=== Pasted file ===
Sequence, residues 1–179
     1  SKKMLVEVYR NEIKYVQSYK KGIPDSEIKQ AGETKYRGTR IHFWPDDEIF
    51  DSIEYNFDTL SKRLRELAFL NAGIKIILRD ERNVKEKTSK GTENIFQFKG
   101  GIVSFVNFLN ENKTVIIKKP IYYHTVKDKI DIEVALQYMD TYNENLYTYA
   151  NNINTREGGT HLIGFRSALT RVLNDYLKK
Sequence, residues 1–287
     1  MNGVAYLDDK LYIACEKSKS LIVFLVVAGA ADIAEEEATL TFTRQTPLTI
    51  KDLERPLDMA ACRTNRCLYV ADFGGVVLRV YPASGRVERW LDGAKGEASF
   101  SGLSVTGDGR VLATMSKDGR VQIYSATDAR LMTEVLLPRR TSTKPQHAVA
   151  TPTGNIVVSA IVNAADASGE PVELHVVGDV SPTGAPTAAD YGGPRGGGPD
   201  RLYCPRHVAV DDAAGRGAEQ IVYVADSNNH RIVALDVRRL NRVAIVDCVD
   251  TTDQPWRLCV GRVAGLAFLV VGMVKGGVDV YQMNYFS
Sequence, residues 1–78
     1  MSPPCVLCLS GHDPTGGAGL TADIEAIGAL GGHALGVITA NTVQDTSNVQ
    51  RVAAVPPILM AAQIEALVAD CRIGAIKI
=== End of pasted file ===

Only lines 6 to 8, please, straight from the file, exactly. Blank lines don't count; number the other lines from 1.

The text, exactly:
Sequence, residues 1–287
     1  MNGVAYLDDK LYIACEKSKS LIVFLVVAGA ADIAEEEATL TFTRQTPLTI
    51  KDLERPLDMA ACRTNRCLYV ADFGGVVLRV YPASGRVERW LDGAKGEASF